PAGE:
Saturday, April 22, 2017

#AtoZChallenge: H Is for Help

I know that anyone reading this who has lived on his or her own for a good part or all of their adult life will find this post pretty much a whine. But bear with me, please.
            I'm 75, and I've lived on my own for perhaps three weeks of my adult life. This doesn't count three weeks here or four weeks there when I house-sat for my aunt in Vermont, or my husband took a trip to England or California. Those don't count because my husband was still part of my life, and I knew I would be coming home to him or he would be coming home to me. They were interludes, vacations from my "real" life.
            Now that he's dead, I am having to learn to be a single person, and it isn't easy. The first few months, coming home to a dark and empty apartment was like entering an alternate universe. It felt wrong.There would be a half-second before I opened the door when I would think, maybe he'll be there. Maybe somebody will be there. What if the light is on? What will that mean? Are there ghosts? (Neither of us believes/believed in ghosts or anything spiritual. He would not have expected to come back to haunt me or reassure me — and he hasn't. But I still understand the impulse, the desire, to believe.)
            After about six months, something clicked. I was riding home on the bus and didn't dread that moment of opening the door to a dark apartment. It would be okay. I went out of town for a week, and when I returned, I greeted myself at the door as he would have: "Welcome home, baby." Before taking another trip, I bought a timer and set it to go on and off at set times, so it wouldn't be obvious no one was home. And after I came home, I kept the timer so there would be a light for me when I came home.
            But I still miss the help. As in, I'm now responsible for everything. Jack and I didn't have a traditional marriage, with me doing all the housework and he doing all the earning a living. Whoever cooked, the other washed the dishes, or whoever cooked also washed the dishes, but neither one of us was the only one who cooked every day. We took turns doing the laundry. And we alternated going to the accountant for our taxes.
            Now I have to do everything. After I bought a new kitchen faucet, I had to e-mail the super to set up an appointment for getting it installed, and I had to be home for the installation. I had to do the taxes last year and this year... And the year after that and after that and after that... I have to call the super to change the lightbulbs in the kitchen and in the bathroom; no longer can I stand on a stool while Jack holds me steady, or vice versa. I have to do all the shopping and all the cooking and all the washing up, although if I decide not to wash the dishes one evening, no one will complain.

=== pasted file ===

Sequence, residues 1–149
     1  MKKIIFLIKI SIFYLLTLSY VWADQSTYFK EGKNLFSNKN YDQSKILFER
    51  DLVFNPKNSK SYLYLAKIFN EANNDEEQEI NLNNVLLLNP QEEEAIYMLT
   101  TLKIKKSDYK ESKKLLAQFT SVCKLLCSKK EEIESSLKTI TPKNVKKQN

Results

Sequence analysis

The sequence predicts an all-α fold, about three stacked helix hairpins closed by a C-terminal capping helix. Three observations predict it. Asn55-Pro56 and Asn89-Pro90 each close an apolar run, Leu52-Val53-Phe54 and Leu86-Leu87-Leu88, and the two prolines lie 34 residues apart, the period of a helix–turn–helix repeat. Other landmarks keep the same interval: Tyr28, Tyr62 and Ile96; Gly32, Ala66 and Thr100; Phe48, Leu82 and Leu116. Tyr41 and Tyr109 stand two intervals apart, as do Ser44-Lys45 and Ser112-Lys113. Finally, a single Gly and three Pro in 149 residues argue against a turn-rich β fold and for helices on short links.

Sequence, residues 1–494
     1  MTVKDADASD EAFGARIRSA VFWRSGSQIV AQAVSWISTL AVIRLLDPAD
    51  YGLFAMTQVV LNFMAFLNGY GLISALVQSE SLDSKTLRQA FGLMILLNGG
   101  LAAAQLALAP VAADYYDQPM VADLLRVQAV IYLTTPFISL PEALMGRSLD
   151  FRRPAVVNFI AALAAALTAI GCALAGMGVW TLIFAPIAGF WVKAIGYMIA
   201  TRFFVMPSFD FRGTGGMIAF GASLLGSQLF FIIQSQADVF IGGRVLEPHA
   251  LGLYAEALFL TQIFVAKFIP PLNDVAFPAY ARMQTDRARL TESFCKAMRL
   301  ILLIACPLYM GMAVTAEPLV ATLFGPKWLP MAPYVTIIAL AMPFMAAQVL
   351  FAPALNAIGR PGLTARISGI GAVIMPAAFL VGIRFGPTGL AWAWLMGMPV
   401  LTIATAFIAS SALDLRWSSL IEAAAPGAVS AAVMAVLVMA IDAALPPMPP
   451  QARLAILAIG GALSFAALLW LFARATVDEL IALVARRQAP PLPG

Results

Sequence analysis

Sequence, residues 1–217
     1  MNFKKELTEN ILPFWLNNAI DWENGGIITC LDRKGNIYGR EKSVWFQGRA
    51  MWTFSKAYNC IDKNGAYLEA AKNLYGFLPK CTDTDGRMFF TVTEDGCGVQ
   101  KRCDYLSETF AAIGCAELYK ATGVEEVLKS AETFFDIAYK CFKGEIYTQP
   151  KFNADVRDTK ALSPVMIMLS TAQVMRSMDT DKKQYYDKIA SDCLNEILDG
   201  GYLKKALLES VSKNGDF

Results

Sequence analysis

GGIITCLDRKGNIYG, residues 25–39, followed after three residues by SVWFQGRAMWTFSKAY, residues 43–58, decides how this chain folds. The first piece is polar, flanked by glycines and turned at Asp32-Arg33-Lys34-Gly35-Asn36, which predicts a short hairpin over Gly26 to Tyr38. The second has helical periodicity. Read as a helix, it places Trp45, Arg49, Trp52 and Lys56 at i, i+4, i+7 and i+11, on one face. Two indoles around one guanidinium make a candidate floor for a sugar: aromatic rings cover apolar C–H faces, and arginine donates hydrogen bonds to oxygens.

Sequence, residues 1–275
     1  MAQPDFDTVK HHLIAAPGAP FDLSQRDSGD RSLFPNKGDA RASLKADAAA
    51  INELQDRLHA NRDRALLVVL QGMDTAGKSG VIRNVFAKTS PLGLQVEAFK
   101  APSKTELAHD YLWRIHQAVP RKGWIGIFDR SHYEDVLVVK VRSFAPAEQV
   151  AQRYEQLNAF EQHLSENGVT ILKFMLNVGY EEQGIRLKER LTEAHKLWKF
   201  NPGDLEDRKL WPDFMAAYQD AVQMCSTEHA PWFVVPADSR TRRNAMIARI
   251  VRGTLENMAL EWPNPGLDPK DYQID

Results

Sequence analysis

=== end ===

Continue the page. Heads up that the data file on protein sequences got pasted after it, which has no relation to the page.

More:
I dread the time when I will be in the hospital and need someone to advocate for me, as I advocated for him in his various hospitalizations and his last month. Or when I will need help after coming home from some hospital procedure and can't take care of myself. My daughter can help in minor situation, like picking me up after my cataract surgery six months ago. But if I can't get to the bathroom by myself and need 24-hour assistance? That can get expensive — and it's not the same as having a partner.
            Yes, I know, many, many people live like this all the time, and in far worse circumstances. But I feel like I need lessons in being a grownup, and it feels a little embarrassing to admit that as an old person.

1 comment:

  1. Your life surely takes a 180 degrees turn after losing someone important - I can understand how difficult things might be for you considering both of you were each other's 'half lives'.

    Hope things get better for you soon.